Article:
A caveat is a legal document which, when registered on title, prevents the registration of any dealing affecting the interest claimed in the caveat by the Caveator until the caveat is withdrawn, removed, lapsed or is cancelled.
The purpose of a caveat sometimes can provide time for the parties to apply to a court to enforce or determine an interest in the caveated property.
A ‘Caveator’ means a person in whose favour the caveat is lodged.
A ‘Caveatee’ means a person who has an interest in the land over which the caveat is lodged over.
Who can lodge a caveat?
In Queensland, a caveat can be lodged on title by one of the following:
- A person claiming an interest in a lot (which means land or property);
- The registrar under section 17 of the Land Titles Act 1994 (Qld) who has powers to do so;
- The registered owner of the lot to protect their interests possibly if someone is trying to sell the owners’ property;
- A person to whom an Australian Court has ordered that an interest in a lot be transferred; or
- A person who has the benefit of a subsisting order of an Australian court in restraining a registered proprietor from dealing with a lot (which means to sell usually).
In the event a person is claiming an interest in a lot by lodging a caveat, the Caveator must specify their interest in the lot by describing the interest in the actual caveat form. An interest can be defined to include:
- A legal or equitable ownership in the land or other property; or
- A right, power or privilege over, or in relation to, the land or other property.
What happens once the caveat is lodged?
Once the caveat is registered on title, a caveat will lapse within three (3) months after lodgement of the caveat, should certain steps to “secure” the caveat not be taken.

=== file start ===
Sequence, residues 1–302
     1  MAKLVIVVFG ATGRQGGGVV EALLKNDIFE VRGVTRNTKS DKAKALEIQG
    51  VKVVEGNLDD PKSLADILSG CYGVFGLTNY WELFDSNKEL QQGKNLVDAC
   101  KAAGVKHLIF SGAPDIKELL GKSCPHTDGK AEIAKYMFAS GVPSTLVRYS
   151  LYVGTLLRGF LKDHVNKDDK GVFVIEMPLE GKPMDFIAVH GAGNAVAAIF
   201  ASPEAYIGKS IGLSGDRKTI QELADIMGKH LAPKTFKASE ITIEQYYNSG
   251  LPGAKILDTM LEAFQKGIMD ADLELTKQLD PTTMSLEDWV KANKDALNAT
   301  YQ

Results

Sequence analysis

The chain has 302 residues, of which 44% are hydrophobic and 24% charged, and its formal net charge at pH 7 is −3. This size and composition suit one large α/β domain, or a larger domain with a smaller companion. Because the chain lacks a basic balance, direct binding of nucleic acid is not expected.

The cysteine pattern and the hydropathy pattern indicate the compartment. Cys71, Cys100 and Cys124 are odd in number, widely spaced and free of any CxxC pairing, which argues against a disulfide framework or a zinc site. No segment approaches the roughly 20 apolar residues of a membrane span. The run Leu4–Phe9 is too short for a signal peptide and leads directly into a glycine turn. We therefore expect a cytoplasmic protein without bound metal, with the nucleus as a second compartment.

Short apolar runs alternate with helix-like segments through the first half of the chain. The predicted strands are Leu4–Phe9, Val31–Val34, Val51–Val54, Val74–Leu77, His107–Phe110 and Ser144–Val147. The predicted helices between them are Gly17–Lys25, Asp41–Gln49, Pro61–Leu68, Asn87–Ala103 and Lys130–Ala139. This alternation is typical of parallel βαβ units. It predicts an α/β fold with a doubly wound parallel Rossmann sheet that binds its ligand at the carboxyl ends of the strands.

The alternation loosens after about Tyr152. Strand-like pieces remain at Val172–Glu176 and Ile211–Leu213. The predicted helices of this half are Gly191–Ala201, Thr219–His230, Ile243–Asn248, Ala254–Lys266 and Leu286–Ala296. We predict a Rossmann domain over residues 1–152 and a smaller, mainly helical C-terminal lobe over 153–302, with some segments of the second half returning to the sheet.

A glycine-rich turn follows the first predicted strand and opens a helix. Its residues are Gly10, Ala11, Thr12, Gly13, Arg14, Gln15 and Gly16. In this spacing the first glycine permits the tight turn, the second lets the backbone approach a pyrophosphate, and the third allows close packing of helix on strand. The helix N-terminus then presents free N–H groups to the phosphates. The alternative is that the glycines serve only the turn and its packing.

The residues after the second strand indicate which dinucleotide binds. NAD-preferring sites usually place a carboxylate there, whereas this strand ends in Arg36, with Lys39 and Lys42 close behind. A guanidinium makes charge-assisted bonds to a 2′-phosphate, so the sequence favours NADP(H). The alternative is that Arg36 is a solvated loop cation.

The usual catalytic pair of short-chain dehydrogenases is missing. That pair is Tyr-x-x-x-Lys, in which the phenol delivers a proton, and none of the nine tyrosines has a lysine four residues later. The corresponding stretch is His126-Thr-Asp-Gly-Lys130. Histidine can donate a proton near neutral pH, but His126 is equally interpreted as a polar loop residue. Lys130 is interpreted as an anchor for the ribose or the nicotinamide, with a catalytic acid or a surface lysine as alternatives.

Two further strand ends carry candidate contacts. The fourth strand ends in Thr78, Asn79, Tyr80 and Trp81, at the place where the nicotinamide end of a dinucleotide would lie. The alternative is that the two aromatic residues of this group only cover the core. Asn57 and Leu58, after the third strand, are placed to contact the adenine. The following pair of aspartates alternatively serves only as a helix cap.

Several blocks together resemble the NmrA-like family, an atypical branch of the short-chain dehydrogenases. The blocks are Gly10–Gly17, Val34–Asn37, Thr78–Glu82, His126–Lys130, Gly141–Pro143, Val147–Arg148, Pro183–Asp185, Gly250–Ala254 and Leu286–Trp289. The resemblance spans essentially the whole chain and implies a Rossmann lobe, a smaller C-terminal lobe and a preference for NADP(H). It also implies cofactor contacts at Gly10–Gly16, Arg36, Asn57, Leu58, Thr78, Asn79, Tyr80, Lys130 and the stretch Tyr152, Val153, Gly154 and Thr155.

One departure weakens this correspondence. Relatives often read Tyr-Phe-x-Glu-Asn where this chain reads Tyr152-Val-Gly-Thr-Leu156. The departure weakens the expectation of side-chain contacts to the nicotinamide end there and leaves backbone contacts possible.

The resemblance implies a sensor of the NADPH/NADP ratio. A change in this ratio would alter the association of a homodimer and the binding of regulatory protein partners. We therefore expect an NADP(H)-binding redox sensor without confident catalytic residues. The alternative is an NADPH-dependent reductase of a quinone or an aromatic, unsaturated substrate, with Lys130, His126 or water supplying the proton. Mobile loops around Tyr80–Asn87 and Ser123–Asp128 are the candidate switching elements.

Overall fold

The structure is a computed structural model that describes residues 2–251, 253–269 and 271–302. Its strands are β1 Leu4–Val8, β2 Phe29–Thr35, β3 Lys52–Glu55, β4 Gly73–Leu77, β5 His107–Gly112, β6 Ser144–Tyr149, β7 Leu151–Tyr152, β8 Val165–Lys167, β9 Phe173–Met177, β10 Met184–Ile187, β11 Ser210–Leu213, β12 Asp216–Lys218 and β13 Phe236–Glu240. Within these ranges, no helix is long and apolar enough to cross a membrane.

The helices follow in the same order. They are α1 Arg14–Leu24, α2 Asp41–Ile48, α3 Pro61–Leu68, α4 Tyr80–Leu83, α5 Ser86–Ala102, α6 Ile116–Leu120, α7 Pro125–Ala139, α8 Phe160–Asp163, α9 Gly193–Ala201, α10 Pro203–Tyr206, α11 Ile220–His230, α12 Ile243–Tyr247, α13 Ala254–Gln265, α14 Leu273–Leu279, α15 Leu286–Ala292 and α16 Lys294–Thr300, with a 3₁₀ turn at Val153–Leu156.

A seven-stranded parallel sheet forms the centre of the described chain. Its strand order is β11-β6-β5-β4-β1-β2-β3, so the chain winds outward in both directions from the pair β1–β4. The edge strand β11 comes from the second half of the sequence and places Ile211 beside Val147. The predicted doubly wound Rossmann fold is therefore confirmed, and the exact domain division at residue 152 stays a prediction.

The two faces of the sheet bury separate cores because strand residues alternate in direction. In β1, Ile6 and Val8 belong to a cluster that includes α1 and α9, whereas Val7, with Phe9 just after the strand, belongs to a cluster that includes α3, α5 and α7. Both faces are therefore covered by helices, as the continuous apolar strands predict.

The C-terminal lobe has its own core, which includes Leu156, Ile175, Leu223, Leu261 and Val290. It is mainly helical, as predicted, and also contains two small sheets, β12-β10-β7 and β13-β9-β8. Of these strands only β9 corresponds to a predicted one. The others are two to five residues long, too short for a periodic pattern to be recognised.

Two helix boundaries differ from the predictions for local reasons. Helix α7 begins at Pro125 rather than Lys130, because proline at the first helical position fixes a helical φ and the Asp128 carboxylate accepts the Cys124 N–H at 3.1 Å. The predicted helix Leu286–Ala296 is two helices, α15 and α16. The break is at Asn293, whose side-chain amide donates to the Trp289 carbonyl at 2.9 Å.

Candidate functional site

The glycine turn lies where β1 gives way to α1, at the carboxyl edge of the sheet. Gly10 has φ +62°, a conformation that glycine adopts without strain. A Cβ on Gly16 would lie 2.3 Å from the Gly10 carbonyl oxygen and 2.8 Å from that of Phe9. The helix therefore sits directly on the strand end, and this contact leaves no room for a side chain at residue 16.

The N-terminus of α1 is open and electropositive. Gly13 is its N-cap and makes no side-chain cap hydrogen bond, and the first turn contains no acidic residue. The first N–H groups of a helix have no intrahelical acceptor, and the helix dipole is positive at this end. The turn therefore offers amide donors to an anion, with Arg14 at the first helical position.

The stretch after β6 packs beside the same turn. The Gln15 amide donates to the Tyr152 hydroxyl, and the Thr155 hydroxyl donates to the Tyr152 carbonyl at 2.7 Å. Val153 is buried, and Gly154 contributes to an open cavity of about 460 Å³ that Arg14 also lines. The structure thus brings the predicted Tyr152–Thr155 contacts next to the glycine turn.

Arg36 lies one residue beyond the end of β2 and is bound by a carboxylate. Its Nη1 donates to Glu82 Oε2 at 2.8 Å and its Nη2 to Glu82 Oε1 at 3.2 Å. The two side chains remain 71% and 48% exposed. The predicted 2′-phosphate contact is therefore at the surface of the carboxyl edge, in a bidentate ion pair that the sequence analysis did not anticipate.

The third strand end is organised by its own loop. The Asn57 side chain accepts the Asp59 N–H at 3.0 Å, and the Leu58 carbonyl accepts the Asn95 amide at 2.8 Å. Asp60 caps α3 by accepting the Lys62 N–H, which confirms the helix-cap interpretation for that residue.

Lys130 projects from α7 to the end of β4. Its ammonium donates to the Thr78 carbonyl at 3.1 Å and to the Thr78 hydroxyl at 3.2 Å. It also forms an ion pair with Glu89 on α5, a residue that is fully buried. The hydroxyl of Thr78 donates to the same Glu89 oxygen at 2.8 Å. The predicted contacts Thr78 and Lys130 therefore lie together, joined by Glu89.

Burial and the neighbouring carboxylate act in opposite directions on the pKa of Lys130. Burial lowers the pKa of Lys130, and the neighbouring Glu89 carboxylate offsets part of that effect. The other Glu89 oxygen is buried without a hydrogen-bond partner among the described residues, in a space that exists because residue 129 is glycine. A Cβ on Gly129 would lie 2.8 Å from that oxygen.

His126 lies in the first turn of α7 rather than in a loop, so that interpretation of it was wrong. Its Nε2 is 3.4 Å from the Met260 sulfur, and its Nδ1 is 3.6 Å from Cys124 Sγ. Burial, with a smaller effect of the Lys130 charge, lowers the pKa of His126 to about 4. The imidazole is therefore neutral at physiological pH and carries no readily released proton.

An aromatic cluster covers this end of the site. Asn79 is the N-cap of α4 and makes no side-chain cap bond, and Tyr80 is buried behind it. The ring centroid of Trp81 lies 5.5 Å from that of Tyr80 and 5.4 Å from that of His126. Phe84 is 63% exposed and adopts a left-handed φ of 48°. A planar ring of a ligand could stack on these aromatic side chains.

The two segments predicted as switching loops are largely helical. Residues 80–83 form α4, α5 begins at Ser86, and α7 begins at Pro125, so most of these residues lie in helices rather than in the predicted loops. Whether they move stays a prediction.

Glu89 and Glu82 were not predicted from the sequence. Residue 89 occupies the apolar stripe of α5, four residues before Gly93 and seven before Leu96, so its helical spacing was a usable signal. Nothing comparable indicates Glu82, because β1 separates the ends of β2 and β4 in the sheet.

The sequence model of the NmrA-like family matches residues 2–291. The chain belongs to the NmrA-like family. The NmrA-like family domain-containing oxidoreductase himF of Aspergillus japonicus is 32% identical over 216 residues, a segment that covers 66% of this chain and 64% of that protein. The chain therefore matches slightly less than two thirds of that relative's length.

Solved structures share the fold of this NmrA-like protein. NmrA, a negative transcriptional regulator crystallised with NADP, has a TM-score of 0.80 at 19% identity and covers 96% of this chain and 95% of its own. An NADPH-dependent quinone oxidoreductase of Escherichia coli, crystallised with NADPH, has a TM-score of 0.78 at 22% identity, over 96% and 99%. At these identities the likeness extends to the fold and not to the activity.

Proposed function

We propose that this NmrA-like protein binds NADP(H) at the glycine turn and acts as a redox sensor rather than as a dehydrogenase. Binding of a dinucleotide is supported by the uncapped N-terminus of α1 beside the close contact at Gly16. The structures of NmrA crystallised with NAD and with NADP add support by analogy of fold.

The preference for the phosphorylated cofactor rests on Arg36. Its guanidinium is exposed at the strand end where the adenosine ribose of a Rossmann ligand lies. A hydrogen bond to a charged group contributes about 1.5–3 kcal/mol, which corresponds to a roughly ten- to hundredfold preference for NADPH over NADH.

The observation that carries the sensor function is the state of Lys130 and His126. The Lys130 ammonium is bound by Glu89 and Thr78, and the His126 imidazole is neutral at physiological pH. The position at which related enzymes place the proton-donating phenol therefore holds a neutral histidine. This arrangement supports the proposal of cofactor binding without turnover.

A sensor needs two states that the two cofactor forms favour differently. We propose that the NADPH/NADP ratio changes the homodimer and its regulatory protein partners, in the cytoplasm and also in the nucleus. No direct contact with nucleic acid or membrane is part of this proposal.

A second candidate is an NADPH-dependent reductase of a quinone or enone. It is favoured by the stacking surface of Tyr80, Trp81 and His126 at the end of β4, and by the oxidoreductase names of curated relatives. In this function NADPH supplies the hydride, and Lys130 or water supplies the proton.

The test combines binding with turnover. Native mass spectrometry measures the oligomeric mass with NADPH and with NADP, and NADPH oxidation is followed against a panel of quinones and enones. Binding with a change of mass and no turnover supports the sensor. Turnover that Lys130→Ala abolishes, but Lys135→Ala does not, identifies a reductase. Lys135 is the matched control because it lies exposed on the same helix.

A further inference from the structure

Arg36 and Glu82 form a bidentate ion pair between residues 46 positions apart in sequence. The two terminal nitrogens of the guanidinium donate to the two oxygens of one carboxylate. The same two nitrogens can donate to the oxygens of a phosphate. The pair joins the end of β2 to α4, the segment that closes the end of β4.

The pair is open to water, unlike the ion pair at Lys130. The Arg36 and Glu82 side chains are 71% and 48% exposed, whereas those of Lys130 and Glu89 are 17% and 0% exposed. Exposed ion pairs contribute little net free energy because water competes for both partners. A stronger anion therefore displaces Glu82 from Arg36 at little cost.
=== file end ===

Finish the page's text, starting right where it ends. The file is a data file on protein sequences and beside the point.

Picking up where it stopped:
Alternatively, the caveat may lapse within fourteen (14) days after lodgement of the caveat instead if the Caveatee serves a notice on the Caveator requesting the Caveator to commence proceedings in a court of competent jurisdiction in order to establish the interest claimed under the caveat.
In order to avoid the caveat lapsing within either three (3) months or fourteen (14) days from notice, the Caveator must commence proceedings in a court of competent jurisdiction to establish the interest claimed in the caveat before the lapsing period and must provide notice to Land Titles confirming that proceedings have commenced.
Despite the above, a caveat lodged based on the below are exempt of lapsing:
- The caveat was lodged by the registered owner; or
- The consent of the registered owner is deposited with the caveat when lodged; or
- An office copy of a court order (for either an interest in a lot be transferred or for restraining a registered proprietor from dealing with a lot) is deposited with the caveat when lodged; or
- The caveat is lodged by the registrar under section 17 of the Land Titles Act 1994 (Qld); or
- The caveat is lodged other than under division 2 of the Land Titles Act 1994 (Qld).
Once a caveat lapses, the caveat can be removed by any person who lodged a Request to Remove Lapsed Caveat at Land Titles.
Removal of caveat
In the event a caveat is registered and secured on title, the Caveatee may apply to the Supreme Court of Queensland for an order stating the caveat be removed from title.
Until such order is issued, the caveat will remain in force until it is withdrawn from title.
Registering a second caveat
If a caveat is lodged over a property, a further caveat by the same caveator and same grounds cannot be lodged. Even if the first caveat has long lapsed and removed from title, the further caveat cannot be lodged on the same grounds/interests.
In order to lodge a further caveat on title, leave of a court of competent jurisdiction to lodge the further caveat must be granted. Once received, the further caveat along with evidence of the court’s leave to lodge a further caveat can be lodged at Land Titles.
If you have any queries on lodging a caveat or have received a notice that a caveat has been registered on your property, please contact Stephanie Tran on (07) 3839 8011.
Article written by Stephanie Tran of our Brisbane Office.